My buddy and I were going to visit a friend at school. Maybe going a little fast. HP cought up to me and cited me for 75 in a 60 and actually confiscated my radar detector. Is that even legal? I mean, it wasn’t even working and hadn’t been used for years. I just happened never to remove it. I’m kind of a hoarder I guess. I don’t really care about that but can anyone tell me about the speeding ticket? I don’t need any points and my insurance is already too high!
In the Commonwealth of Virginia, radar detectors are illegal. The specific code section is 46.2-1079. The statute specifically authorizes the seizure of the device for evidentiary purposes.
“Any such device or mechanism may be taken by the arresting officer if needed as evidence, and, when no longer needed, shall be returned to the person charged with a violation of this section, or at that person’s request, and his expense, mailed to an address specified by him. Any unclaimed devices may be destroyed on court order after six months have elapsed from the final date for filing an appeal.”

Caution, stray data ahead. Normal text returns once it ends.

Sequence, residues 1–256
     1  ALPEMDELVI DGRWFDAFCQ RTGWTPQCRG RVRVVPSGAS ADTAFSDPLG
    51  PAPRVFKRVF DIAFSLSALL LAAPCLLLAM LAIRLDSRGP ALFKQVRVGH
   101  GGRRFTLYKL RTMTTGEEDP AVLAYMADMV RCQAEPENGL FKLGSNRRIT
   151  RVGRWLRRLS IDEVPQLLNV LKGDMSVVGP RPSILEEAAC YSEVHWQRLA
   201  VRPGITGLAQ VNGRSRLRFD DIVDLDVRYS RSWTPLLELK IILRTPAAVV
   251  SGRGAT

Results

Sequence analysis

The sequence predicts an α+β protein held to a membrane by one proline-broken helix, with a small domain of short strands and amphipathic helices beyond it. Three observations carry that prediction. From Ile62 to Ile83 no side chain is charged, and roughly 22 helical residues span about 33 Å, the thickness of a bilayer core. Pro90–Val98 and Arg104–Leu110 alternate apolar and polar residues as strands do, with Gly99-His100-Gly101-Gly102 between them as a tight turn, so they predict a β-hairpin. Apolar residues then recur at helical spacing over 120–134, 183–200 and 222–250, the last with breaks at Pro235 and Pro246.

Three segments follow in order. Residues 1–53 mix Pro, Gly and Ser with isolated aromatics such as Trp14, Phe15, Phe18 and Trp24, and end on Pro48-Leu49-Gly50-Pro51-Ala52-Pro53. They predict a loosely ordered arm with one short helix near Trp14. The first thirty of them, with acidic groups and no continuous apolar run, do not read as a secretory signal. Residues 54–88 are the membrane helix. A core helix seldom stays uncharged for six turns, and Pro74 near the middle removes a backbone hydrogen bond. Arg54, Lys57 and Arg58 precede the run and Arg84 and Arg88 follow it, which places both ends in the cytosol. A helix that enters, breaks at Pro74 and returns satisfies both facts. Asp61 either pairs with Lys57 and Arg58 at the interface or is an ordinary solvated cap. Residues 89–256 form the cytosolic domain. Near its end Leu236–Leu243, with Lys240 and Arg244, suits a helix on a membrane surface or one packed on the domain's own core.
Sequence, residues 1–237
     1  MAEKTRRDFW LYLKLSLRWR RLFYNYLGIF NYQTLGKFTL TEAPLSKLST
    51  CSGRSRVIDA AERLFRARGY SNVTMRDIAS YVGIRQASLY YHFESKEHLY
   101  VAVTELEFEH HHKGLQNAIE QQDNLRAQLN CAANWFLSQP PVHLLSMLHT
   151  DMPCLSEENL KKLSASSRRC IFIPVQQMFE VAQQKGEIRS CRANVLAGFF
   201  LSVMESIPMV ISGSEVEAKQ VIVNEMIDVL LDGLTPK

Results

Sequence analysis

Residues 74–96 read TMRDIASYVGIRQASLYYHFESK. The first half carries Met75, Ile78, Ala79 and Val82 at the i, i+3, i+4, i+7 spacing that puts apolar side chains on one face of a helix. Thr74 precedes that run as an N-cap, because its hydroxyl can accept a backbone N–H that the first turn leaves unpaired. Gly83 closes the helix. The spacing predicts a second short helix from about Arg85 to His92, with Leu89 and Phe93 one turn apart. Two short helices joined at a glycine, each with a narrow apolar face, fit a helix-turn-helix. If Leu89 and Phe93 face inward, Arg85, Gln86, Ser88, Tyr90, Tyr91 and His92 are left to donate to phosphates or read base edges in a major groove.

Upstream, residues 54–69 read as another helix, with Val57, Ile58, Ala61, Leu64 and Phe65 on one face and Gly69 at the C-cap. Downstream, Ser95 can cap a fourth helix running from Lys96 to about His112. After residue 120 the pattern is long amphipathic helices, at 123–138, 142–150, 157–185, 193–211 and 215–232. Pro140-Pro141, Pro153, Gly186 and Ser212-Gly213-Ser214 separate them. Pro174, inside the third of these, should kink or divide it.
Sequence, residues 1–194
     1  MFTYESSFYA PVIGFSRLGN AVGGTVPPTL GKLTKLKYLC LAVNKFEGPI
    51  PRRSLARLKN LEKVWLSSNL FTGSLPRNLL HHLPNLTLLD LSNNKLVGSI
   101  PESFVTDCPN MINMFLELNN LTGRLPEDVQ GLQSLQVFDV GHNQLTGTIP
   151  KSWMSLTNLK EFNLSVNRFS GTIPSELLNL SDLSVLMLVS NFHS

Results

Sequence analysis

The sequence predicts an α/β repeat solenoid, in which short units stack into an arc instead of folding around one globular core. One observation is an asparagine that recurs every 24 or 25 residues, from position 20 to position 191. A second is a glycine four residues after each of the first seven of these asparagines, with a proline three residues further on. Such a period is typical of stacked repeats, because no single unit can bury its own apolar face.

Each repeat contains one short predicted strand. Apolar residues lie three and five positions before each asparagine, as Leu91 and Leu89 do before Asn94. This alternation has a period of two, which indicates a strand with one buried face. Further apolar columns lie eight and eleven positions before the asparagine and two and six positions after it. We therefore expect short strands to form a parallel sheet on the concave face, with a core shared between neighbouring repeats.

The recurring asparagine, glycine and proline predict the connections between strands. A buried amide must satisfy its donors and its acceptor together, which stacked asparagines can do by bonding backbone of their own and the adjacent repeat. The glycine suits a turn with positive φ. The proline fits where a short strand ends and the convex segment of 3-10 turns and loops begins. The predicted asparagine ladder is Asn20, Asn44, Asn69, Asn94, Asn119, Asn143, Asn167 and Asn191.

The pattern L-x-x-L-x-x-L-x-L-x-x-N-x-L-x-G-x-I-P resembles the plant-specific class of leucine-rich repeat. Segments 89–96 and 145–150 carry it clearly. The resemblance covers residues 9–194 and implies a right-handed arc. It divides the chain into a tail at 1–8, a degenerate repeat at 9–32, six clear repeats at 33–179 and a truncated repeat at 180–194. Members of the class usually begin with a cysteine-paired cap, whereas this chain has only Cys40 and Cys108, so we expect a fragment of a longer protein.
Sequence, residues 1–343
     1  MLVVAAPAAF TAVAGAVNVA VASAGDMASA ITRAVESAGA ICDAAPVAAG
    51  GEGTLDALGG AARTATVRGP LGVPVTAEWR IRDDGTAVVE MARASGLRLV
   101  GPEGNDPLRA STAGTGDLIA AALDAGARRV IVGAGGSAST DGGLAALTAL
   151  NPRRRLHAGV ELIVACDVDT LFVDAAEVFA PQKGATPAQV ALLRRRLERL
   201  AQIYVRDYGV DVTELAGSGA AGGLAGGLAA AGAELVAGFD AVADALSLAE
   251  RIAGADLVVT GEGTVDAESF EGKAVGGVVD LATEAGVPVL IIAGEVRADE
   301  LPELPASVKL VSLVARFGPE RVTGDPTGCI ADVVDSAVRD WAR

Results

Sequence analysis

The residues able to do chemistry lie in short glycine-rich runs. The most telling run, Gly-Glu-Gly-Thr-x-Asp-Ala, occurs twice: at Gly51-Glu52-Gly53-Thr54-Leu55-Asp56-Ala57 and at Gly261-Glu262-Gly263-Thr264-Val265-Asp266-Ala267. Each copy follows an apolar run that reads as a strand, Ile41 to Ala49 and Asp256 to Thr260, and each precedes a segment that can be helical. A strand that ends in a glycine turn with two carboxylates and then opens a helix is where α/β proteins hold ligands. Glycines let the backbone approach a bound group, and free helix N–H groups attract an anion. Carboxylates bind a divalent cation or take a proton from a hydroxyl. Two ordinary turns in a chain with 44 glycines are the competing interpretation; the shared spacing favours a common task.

The code section also says: “[T]he presence of any such prohibited device or mechanism in or on a motor vehicle on the highways of the Commonwealth shall constitute prima facie evidence of the violation of this section. The Commonwealth need not prove that the device or mechanism in question was in an operative condition or being operated.”
There are no separate demerit points for a radar detector violation, but many judges often order the device to be forfeited or destroyed if you are convicted under the code section.
As far as the speeding violation goes, at 75/60, you are looking at a four-point demerit violation and a fine. However, there are a number of things that you can do to potentially avoid a conviction.
- If you have a good driving record, you will want to obtain a copy of your driving record showing such.
- If you have never attended an IN PERSON driver improvement program, you would want to look at doing so prior to your court date. Many jurisdictions look favorably upon attendance of a DMV driver improvement program prior to a court appearance.
- If you have any indication that your speedometer is not reading properly, it is a good idea to obtain a calibration. If your speedometer is not properly calibrated, many courts will reduce the charge to a non-moving violation.
There are a number of things that an attorney can do for you potentially mitigate any points or a conviction.
If you are convicted, there is a likelihood of increased insurance rates for at least 3 years.